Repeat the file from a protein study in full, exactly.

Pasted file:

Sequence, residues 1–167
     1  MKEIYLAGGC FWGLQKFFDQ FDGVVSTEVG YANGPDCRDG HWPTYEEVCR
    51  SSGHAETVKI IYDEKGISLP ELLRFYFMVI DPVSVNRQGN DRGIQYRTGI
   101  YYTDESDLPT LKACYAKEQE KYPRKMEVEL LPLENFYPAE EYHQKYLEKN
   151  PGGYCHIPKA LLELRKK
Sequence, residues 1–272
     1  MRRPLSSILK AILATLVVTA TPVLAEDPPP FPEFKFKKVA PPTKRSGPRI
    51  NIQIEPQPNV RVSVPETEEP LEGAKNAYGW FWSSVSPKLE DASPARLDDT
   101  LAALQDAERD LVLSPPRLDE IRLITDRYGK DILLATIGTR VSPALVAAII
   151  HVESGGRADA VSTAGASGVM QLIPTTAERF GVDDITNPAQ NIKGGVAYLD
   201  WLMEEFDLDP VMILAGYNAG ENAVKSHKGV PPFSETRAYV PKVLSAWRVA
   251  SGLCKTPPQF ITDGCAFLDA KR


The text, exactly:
Sequence, residues 1–167
     1  MKEIYLAGGC FWGLQKFFDQ FDGVVSTEVG YANGPDCRDG HWPTYEEVCR
    51  SSGHAETVKI IYDEKGISLP ELLRFYFMVI DPVSVNRQGN DRGIQYRTGI
   101  YYTDESDLPT LKACYAKEQE KYPRKMEVEL LPLENFYPAE EYHQKYLEKN
   151  PGGYCHIPKA LLELRKK
Sequence, residues 1–272
     1  MRRPLSSILK AILATLVVTA TPVLAEDPPP FPEFKFKKVA PPTKRSGPRI
    51  NIQIEPQPNV RVSVPETEEP LEGAKNAYGW FWSSVSPKLE DASPARLDDT
   101  LAALQDAERD LVLSPPRLDE IRLITDRYGK DILLATIGTR VSPALVAAII
   151  HVESGGRADA VSTAGASGVM QLIPTTAERF GVDDITNPAQ NIKGGVAYLD
   201  WLMEEFDLDP VMILAGYNAG ENAVKSHKGV PPFSETRAYV PKVLSAWRVA
   251  SGLCKTPPQF ITDGCAFLDA KR